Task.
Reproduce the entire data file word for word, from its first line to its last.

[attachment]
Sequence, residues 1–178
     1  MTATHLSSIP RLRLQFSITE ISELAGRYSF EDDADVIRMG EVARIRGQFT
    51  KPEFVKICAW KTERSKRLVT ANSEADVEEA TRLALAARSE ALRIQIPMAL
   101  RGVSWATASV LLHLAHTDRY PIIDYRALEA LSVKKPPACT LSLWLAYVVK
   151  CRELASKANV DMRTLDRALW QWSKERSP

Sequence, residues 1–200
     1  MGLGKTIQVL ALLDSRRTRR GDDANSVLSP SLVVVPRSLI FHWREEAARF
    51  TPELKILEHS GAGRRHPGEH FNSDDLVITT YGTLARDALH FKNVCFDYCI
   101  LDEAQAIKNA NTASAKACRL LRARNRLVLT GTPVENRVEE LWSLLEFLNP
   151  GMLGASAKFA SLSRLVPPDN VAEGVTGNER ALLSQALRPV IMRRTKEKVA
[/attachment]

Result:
Sequence, residues 1–178
     1  MTATHLSSIP RLRLQFSITE ISELAGRYSF EDDADVIRMG EVARIRGQFT
    51  KPEFVKICAW KTERSKRLVT ANSEADVEEA TRLALAARSE ALRIQIPMAL
   101  RGVSWATASV LLHLAHTDRY PIIDYRALEA LSVKKPPACT LSLWLAYVVK
   151  CRELASKANV DMRTLDRALW QWSKERSP

Sequence, residues 1–200
     1  MGLGKTIQVL ALLDSRRTRR GDDANSVLSP SLVVVPRSLI FHWREEAARF
    51  TPELKILEHS GAGRRHPGEH FNSDDLVITT YGTLARDALH FKNVCFDYCI
   101  LDEAQAIKNA NTASAKACRL LRARNRLVLT GTPVENRVEE LWSLLEFLNP
   151  GMLGASAKFA SLSRLVPPDN VAEGVTGNER ALLSQALRPV IMRRTKEKVA